Next Problem: I don’t really like having to log in to the org, open the dev console and run the script. Even that seems like it takes too much time and I actually have to remember to do it. I’d rather just have it all handled automatically.
Next Solution: SFDX allows you to run saved script files against an org you have authenticated against. I can write a simple shell script that can be scheduled and calls my script. The script can handle the work and send me an email with the results incase I’m asked how the queue was that day.
Next Problem: I like to over engineer things when I’m having fun and couldn’t leave well enough alone.
Next Solution: I write an over complicated yet flexible node JS wrapper that I’m calling the Apex Script Loader that is meant to allow numerous different pre saved scripts with their own configurations and even injectable variables for some reason.
You: “Wait, why?”
Me: “Because it was fun and I’ve haven’t had much interesting work to do recently okay?”
So a bit more about how this works. Say you have a script you need to run daily and want to just run it from your desktop instead of needing a scheduled class. Here is what you could do.
- Ensure you have Node installed and SFDX installed and your desired org authorized.
- Download my Apex Script Loader
- Make a new folder to contain your script and the config file.
- Write your Apex script and save it in that folder
- Copy the sample config file and change your username and other details as needed.
- Test that it runs by simply running ‘node ApexScriptLoader.js YourFolderNameHere’
- Watch it do it’s thing.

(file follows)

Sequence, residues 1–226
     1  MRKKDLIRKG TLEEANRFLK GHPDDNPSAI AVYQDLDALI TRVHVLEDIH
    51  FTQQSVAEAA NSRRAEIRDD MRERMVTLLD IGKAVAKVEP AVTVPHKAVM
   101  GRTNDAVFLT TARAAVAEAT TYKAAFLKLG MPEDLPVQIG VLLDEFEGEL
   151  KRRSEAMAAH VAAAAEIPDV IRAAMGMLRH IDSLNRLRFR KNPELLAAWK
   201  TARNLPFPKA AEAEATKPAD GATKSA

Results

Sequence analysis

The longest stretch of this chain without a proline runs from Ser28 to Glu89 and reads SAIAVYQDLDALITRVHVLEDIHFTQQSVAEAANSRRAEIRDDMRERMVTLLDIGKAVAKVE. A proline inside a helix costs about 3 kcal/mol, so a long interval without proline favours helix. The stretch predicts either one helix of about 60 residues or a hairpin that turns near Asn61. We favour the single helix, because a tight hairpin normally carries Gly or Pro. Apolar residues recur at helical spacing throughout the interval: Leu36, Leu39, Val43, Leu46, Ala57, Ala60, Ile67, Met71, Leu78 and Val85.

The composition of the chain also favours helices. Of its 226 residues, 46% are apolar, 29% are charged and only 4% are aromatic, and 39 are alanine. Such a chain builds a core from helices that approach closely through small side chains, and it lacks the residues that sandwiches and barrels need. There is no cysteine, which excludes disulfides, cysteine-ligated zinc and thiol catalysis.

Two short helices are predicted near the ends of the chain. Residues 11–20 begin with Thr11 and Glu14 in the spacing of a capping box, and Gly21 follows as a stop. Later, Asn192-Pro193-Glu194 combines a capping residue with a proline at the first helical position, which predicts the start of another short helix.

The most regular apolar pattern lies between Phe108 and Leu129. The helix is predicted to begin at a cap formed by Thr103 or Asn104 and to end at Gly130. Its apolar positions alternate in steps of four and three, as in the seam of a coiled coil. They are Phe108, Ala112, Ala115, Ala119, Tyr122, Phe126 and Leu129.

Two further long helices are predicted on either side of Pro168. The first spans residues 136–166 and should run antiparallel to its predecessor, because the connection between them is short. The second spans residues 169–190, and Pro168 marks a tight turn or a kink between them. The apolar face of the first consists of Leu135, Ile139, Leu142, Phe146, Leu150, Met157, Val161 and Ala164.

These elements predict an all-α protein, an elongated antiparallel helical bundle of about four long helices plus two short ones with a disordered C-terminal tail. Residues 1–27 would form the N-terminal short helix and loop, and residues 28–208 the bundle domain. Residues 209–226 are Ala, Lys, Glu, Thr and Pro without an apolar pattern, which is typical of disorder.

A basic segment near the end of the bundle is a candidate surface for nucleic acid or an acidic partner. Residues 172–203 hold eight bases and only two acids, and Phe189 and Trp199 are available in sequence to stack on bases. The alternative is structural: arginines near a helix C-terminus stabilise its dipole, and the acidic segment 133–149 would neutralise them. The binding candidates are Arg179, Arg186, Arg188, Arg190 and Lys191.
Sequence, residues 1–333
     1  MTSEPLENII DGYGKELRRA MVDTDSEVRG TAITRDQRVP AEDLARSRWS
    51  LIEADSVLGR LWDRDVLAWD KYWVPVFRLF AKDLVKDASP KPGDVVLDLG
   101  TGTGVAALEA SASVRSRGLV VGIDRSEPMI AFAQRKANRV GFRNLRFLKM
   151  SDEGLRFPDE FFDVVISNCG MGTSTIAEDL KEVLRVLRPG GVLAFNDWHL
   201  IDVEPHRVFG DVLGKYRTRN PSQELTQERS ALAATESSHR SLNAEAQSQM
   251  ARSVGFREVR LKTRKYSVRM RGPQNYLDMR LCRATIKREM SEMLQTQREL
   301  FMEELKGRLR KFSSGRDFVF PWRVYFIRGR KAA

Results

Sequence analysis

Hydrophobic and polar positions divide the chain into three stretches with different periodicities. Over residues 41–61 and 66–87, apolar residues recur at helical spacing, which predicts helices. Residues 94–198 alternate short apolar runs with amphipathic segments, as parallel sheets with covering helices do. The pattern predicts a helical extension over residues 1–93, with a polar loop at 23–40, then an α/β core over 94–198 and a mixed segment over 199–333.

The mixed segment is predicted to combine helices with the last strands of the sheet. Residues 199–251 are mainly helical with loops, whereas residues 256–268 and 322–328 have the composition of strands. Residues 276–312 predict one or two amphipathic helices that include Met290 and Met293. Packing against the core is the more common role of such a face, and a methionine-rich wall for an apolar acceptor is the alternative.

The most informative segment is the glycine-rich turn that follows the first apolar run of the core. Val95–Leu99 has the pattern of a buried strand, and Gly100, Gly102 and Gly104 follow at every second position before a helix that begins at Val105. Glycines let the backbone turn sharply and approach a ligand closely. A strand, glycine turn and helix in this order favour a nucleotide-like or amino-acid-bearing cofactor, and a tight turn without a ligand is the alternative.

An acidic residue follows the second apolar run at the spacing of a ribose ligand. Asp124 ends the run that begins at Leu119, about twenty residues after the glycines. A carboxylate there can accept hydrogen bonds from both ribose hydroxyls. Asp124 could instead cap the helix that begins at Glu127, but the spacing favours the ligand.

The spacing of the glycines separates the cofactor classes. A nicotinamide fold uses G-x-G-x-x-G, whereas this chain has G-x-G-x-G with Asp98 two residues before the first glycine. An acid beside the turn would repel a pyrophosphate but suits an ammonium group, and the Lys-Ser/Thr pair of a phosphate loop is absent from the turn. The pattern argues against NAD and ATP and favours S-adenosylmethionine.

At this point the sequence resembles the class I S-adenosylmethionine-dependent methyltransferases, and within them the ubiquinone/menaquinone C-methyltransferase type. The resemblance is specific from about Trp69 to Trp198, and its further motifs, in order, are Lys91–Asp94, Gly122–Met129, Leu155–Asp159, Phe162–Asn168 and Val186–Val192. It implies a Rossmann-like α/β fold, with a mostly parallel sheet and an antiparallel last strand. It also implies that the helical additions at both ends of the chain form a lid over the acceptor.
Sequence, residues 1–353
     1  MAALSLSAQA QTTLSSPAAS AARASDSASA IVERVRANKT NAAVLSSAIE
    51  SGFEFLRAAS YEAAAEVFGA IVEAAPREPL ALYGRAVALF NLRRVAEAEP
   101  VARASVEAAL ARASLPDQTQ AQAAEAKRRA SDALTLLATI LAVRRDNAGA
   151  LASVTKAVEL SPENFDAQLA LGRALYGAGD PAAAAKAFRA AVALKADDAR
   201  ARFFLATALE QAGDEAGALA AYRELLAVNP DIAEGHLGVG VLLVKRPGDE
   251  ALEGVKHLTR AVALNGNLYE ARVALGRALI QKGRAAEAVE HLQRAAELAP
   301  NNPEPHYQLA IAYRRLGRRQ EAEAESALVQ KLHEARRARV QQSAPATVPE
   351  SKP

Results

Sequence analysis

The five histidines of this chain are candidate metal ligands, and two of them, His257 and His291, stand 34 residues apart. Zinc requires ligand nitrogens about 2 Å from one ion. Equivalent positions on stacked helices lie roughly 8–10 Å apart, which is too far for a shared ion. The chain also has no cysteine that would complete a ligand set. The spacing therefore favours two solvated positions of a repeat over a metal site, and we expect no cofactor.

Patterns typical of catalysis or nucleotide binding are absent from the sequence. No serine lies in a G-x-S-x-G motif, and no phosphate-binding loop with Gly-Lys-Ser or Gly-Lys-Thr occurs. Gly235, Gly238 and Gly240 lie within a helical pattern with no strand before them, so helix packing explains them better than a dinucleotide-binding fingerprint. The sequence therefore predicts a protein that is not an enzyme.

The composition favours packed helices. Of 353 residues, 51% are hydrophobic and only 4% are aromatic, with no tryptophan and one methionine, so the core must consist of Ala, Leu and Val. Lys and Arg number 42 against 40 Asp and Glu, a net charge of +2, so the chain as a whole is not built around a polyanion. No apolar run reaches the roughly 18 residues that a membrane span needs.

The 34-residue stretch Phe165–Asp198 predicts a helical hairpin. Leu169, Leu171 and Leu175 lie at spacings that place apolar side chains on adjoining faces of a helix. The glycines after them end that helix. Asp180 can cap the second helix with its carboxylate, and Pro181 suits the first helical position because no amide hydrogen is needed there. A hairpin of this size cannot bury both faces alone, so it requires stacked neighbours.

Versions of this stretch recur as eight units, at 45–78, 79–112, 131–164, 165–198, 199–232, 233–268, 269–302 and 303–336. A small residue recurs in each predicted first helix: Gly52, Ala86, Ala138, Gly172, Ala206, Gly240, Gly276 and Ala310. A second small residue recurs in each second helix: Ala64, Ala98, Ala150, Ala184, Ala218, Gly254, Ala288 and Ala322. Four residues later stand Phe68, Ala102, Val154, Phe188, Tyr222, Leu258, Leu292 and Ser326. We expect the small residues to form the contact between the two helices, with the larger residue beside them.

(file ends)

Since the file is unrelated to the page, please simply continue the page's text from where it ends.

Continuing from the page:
- Use the task scheduler on your desktop to run the command whenever you like.
- Say “huh, that’s neat” then promptly forget it exists because it’s hardly useful.
But wait you say –
“My script needs to pull in data from some external source and that execute anonymous script can’t access anything on my local file system! Furthermore there is no way to pass data into the script so it’s basically living in a black box aside from what it can query from Salesforce!”
Chill bruh. That’s where my insane over thinking comes in handy. I’ve added a ‘variable injection’ feature that lets you provide as many variables as you like in JSON format via a ‘variables.json’ file (name configurable in the config file). In that file you can provide as many key/value pairs as you like and when the Script Loader runs it will process those and inject them into your Apex script making them available in the runTimeVars variable. So now whatever other processes you have simple need to modify that file adding in their values and your script can access them. Pretty cool huh? I figure later on I’ll probably add the ability to read from multiple files so if you have multiple systems all providing values they aren’t fighting over the file but we’ll see if anyone actually even needs that.
If you want to check it out, you can grab it over at https://github.com/Kenji776/ApexScriptLoader
The included sample script does not modify your org in any way, I’ve commented out the update statements so you can run it without fear. It will send you an email when it’s done so you know it ran (if you have it scheduled on a dumb terminal somewhere). Also, I’ve only included a bat file for invoking the script, but it’s literally 3 lines so I’m pretty sure you can write your own version for linux/mac/smart fridge/whatever if you need.
I literally just wrote this today in like the last few hours so there are probably some bugs and less than optimal approaches but I can feel myself already losing interest so I figured I should probably post something before this ends up in the heaps of interesting projects that never see the light of day. Let me know if you have questions are can think of any handy features.
Anyway, hope this helps someone. Till next time.